This sounds ok. It is so well-known that the fits perfectly.Is it possible to use it the "the" article at all?
There are more people in Japan who have won the Nobel Prize than in any other Asian country.
Won't it be just a generalization of all the prizes won?
I thought that The Noble Prize has a collective meaning which implies all the Noble Prizes.I don't think "the Nobel Prize" fits at all well. There are some Nobel Prizes awarded each year, each in a different field of endeavour, so what could the Nobel Prize be referring to? (I thought to all of the ones awared). My preference is for "a Nobel Prize" (ie one of the prizes available at the time it was won), but "Nobel Prizes" seems a perfectly reasonable alternative.
Yes, but that does not provide the context in which the words are used, and the ngram for British English is very different from the ngrams for English and for American English.You might like to look at Google ngram.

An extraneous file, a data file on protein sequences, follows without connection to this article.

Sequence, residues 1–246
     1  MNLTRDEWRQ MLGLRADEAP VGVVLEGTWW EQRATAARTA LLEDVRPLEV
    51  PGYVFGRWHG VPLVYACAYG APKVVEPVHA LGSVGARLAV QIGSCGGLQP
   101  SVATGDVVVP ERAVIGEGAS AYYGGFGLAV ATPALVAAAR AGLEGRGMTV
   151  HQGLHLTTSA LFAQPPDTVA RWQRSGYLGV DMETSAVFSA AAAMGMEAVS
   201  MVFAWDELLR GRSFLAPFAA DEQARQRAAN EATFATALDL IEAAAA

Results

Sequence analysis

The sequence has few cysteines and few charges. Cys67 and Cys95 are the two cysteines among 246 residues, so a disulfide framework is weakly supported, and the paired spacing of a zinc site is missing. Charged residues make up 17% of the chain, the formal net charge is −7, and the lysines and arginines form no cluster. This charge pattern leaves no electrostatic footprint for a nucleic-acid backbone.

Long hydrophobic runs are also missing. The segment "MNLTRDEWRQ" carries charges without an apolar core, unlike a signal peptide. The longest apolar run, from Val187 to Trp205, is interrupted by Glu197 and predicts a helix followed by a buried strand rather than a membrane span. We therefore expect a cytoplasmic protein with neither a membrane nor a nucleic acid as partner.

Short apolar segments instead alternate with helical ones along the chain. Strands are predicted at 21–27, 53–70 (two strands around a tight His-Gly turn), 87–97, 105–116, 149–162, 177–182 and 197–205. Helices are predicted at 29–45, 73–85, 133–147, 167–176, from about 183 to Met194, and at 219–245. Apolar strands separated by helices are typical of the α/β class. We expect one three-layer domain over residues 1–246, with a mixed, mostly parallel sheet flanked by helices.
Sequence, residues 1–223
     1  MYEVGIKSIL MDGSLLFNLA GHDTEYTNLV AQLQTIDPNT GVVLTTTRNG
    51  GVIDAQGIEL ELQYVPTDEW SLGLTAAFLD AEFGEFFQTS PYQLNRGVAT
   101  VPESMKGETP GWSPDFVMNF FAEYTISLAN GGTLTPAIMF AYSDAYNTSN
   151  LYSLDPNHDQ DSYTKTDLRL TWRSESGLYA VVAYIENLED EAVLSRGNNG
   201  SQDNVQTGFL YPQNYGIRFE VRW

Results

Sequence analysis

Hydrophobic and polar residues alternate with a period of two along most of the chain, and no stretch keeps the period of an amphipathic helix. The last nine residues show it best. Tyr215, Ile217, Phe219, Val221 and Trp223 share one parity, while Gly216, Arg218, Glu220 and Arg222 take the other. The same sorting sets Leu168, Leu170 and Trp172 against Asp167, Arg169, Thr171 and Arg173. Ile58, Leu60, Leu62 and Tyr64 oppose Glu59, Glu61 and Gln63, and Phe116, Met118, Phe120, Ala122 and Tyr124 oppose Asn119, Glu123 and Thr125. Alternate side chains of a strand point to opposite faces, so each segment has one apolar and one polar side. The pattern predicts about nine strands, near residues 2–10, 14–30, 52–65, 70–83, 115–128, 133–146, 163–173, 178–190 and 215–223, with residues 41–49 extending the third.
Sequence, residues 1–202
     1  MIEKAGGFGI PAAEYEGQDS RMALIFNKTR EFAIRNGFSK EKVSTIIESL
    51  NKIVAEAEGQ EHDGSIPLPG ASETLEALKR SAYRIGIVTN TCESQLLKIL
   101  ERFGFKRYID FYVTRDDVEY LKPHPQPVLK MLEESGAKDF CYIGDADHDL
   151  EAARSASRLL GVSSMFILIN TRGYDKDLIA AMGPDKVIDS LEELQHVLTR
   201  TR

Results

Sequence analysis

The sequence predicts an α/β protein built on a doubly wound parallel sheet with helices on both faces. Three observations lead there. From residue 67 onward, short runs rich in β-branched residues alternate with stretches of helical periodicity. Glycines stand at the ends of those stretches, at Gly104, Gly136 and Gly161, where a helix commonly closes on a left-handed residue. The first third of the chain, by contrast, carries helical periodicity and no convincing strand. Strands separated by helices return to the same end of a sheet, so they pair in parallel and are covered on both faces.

It does, radically:The ngram does not differ for British or American English.
The following quotations are examples of the Nobel Prize used as a collective term.I thought that The Noble Prize has a collective meaning which implies all the Noble Prizes.
Something like "the rose" generalizes all the roses in the world.
This is a correct sentence. It could mean that the person in question won a Nobel Prize in literature in any year in the past (not specified).She won a Nobel Prize in Literature.
Is this sentence correct?
Can't I say the Nobel Prize, because Nobel is a person's name?
When do you put a, the, or no article before Nobel Prize?
Thank you for your clarification.This is a correct sentence. It could mean that the person in question won a Nobel Prize in literature in any year in the past (not specified).
However, 'the' works in the following sentence thus:
'She won the 2016 Nobel Prize in Literature'.
If the year isn't mentioned, we shouldn't use 'the', since there's not just one unique Nobel Prize; it is awarded every year in different subjects.
Also, using no article isn't grammatically correct.